GENEVA (AP) — The French government called Wednesday on the head of the World Health Organization to uphold his pledge for an “action plan” to combat sexual abuse and exploitation by WHO employees after independent investigators found scores of accusations stemming from the agency’s response to an Ebola outbreak in Congo.
A WHO-commissioned panel reported Tuesday that it had identified more than 80 people accused of sexual misconduct and confirmed that 21 of them worked for the U.N. health agency during the outbreak. Some observers said the findings made Congo the scene of the biggest scandal of its kind in the history of U.N.-related field missions.
The French Foreign Ministry’s call for WHO Director-General Tedros Adhanom Ghebreyesus to take action within 10 days comes less than a week after France, Germany and other EU announced that they had nominated him for a second five-year term.
Word of the nomination came shortly after the candidacy deadline for the post expired on Sept. 23.
The investigative report released Tuesday, nearly a year in the making, said 21 workers for WHO had been accused of acts of sexual abuse or exploitation while in Congo, out of a total of 83 alleged perpetrators connected to the 2018-2020 mission.
Malick Coulibaly, a member of the panel that issued the report, said investigators uncovered a total of nine rape allegations.
In an internal e-mail to WHO staff following the report’s release and obtained by The Associated Press, Tedros expressed a commitment to “shifting to a victim and survivor-centered approach” when it comes to sexual abuse and exploitation.
He also said he would act to address management and staff failures, and launch a “wholesale reform of our structures and culture to address SEA (sexual exploitation and abuse).”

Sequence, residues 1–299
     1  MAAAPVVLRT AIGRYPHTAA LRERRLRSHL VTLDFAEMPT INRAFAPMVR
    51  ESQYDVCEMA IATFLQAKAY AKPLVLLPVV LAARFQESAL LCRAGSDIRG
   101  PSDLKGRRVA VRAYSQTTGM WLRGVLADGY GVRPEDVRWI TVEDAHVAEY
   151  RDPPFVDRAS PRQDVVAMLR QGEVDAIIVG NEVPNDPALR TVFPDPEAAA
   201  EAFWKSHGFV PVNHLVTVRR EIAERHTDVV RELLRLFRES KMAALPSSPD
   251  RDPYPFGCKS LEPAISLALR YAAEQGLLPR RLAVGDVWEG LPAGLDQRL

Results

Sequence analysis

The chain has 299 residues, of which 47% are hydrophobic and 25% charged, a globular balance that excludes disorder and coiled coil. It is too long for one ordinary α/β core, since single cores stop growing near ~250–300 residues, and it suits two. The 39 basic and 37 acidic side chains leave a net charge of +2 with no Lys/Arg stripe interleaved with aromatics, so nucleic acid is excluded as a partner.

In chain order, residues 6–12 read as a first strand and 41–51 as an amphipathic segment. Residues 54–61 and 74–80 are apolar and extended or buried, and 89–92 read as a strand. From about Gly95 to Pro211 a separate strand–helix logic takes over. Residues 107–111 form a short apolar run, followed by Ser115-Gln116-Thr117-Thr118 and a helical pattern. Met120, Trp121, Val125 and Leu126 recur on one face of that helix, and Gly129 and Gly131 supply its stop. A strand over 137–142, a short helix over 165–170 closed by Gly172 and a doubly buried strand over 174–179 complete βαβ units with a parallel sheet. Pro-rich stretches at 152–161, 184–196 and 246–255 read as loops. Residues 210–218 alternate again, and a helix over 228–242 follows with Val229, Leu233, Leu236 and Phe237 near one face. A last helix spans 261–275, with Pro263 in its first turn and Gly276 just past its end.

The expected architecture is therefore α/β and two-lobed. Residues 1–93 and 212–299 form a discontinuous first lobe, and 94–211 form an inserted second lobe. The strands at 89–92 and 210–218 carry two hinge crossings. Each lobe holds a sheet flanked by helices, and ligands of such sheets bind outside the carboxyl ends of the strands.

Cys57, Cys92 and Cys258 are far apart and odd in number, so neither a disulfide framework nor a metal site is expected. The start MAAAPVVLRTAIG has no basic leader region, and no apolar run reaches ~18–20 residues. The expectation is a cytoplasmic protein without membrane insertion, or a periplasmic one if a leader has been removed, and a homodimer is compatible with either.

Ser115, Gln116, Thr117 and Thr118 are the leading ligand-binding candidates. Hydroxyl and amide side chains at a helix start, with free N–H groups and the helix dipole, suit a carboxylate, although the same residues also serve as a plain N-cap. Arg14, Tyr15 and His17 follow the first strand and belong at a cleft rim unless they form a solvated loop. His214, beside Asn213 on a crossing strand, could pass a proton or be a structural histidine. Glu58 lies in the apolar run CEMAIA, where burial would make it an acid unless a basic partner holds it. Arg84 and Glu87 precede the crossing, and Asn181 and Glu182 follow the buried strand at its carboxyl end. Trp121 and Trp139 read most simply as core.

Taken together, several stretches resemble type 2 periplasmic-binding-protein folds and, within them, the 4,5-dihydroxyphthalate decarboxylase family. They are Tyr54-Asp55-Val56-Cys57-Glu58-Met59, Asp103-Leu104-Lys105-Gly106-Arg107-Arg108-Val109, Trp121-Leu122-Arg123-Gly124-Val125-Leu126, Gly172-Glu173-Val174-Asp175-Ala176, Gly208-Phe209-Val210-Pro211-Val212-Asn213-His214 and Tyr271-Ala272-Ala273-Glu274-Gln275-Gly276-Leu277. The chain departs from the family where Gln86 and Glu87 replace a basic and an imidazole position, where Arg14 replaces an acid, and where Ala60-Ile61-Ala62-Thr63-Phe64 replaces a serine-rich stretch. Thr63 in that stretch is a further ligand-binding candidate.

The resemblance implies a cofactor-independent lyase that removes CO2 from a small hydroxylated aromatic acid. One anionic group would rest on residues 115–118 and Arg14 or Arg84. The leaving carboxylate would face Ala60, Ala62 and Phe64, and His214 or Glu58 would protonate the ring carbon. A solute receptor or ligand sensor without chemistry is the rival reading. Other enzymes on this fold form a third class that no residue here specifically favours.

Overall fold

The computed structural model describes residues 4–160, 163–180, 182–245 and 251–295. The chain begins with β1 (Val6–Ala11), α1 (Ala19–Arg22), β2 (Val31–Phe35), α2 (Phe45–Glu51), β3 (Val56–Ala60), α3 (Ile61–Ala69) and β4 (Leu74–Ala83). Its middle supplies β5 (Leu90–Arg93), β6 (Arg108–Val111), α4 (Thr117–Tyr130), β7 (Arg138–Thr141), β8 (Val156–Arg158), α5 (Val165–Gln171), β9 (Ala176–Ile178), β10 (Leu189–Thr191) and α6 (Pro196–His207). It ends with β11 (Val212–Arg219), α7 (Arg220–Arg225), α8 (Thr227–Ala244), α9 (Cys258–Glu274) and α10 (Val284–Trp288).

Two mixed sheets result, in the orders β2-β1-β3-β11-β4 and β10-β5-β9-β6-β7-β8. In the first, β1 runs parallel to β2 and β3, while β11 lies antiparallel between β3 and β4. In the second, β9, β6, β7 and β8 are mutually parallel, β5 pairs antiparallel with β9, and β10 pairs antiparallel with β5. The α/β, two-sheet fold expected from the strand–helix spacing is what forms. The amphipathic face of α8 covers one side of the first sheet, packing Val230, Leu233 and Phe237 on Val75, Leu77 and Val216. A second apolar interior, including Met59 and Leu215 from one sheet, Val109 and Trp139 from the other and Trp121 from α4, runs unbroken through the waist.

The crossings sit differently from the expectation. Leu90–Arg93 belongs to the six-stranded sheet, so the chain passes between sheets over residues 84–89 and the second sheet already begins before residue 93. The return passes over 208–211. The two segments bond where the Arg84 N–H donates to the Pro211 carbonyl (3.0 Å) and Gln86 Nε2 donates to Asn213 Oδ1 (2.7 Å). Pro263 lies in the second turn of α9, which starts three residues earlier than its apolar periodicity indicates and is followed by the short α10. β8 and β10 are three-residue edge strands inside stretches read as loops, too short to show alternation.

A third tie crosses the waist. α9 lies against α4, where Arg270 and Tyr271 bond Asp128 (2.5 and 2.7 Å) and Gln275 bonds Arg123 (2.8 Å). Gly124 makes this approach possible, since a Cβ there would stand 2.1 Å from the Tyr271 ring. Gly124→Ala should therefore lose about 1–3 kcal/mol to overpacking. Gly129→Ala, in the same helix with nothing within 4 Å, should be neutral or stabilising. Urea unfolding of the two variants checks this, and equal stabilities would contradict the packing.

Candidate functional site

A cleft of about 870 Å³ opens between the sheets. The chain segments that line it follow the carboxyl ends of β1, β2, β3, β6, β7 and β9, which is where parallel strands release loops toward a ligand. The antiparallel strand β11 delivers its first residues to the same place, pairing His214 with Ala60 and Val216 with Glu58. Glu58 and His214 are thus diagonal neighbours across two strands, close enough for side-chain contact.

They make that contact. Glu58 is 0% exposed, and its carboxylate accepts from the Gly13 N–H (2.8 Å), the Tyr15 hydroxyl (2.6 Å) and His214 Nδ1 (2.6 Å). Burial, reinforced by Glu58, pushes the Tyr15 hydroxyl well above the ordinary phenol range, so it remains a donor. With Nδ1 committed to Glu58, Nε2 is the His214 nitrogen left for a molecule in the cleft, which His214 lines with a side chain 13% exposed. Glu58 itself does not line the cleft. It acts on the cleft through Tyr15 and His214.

At the same time, Tedros acknowledged that WHO wasn’t always sure what sexual abuse was.
“It is our responsibility to learn about what constitutes SEA, and how to prevent it,” he wrote in the e-mail sent jointly with WHO Africa’s regional director, Matshidiso Moeti. “I remind you that all personnel are obliged to report any suspicions they may have.”
In the independent report that Tedros commissioned, experts said WHO often dismissed claims of sexual abuse unless they were made in writing.
The AP found in a May investigationthat senior management was informed in emails of multiple cases of alleged sexual abuse, but that little was done. One of the managers who was told of the incidents was subsequently promoted.
Tedros and WHO have declined to indicate whether he would seek a second term at the agency’s helm. The formal announcement of candidates isn’t expected until November.
At a news conference Tuesday, Tedros declined to say whether he was considering resigning over the events in Congo but said that he perhaps should have asked more questions during the more than a dozen trips he took to the African country to oversee WHO’s response to the Ebola outbreak.
Tedros offered his apologies to the victims, and said: “What happened to you should never happen to anyone. It is inexcusable.”
AP Medical Writer Maria Cheng contributed from London.